Pacific Steel Co.

Pacific Steel Co.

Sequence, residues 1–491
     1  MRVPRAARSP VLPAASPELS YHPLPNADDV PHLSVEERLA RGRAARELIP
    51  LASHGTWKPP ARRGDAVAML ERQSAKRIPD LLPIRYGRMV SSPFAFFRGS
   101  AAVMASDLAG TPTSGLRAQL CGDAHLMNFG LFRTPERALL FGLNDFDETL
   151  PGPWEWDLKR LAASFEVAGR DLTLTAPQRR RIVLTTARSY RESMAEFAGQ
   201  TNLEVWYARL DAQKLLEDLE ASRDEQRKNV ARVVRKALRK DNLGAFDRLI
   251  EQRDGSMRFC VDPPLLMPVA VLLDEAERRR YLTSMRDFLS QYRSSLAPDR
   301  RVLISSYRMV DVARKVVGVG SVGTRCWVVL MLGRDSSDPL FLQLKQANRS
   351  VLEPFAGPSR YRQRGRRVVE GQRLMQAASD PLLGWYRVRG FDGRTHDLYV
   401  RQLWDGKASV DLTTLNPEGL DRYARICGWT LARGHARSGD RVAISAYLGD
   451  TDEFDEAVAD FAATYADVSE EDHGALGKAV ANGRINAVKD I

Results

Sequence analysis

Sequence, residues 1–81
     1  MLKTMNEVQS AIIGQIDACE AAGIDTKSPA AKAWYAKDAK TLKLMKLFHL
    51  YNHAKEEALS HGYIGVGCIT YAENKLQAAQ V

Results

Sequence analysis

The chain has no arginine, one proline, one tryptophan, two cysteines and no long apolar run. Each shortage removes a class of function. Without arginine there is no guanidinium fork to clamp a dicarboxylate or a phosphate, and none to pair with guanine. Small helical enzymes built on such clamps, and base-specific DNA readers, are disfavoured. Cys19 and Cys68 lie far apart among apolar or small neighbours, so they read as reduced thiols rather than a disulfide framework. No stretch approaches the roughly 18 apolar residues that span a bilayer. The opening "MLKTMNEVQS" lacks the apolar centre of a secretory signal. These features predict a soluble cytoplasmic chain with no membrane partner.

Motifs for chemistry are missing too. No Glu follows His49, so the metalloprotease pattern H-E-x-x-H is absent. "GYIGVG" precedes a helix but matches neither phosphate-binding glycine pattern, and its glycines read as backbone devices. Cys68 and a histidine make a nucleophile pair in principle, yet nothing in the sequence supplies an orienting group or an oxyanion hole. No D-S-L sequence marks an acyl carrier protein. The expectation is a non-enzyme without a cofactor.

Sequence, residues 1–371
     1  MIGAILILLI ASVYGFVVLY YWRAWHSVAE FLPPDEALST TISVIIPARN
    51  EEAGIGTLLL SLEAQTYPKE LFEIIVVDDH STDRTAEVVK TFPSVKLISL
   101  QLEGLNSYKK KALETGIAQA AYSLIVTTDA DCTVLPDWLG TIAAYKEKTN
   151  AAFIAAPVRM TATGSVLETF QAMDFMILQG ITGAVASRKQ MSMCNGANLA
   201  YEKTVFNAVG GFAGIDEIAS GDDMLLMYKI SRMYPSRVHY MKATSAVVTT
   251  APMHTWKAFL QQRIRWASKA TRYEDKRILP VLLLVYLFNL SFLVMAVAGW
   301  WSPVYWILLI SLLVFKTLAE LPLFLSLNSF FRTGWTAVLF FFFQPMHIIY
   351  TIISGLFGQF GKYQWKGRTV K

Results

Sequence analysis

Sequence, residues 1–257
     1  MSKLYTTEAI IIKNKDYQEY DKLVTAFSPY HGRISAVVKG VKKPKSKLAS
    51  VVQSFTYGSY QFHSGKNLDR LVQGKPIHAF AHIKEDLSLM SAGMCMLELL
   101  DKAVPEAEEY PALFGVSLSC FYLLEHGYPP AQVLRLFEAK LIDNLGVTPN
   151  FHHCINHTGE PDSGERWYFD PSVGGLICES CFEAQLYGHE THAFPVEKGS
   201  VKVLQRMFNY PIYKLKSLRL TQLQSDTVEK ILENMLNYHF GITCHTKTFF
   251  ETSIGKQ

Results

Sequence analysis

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Pedal steel guitar was riding high in the late '70s, stepping forward with a determination to make those big shot lead guitarists run for cover. And indeed, pedal steel certainly has this capability, although for one reason or another it has remained largely confined to the country & western ghetto, despite the aforementioned burst of liberation in decades past. The concept of country & western all-star instrumental groups forming under some kind of bland, nondescript name was also a popular trend when this album was released, and continues to be, but the existence of a group named Pacific Steel Co. is an out-and-out lie, perhaps not unexpected sourcing from the label of Mike Nesmith, who made his name in show business as a member of a totally prefabricated group, the Monkees. Imagine the latter group as a combination of different groups, each under the leadership of one member, and you have the reality of this album and the Pacific Steel Co. concept. This album is really just a compilation of hot pedal-steel players, each leading a different group in which some of the rhythm section members overlap. While the photography on the back is subtly suggesting multiple pedal-steel lineups, the individual mug shots arranged so that the players are grimacing at each other, in reality there are no such combinations. The pedal-steel guys, all of whom are fantastic players, are each in charge of their own little combat group, with a general sense of malaise hanging over much of the material. Crafted to sound simultaneously funky, hard rocking, a bit country (but not old school), slick, and clever, the tracks collectively come across like attempts to serve gourmet food with complicated sauces on an airliner. Stomach aches will result, as will the craving to hear these brilliant musicians dig into some really good material rather than this type of stuff. Yet there are lots of good moments, and pedal-steel fans will be interested in hearing the recording simply to check out different tone settings and picking techniques. Several of the bands employ the typical Nashville lineup of an acoustic guitar and an electric guitar, giving the rhythmic feel a pleasant, downhome quality that can become the memory of a shattered peace when one of the guitar pickers decides to rock out a little too hard. The lineups in which these roles are filled by Al Casey and Billy Joe Walker particularly benefit, since these are fine pickers. Sneaky Pete brings in some of his usual accomplices, including bassist Skip Battin, and they play with spirit, despite the weak material. It is not really fair to single out Sneaky Pete or any of the other five pedal-steel players featured -- the homogenized nature of the material is a minor reason, but the main thing is that they are all equally superb at some or several aspects of their instruments. Actually getting them together for a real project would have had historic results, rather than just the creation of a pleasant album for steel-guitar fanatics only. Nesmith does manage to place one of his original tunes, "Rio," in the program.

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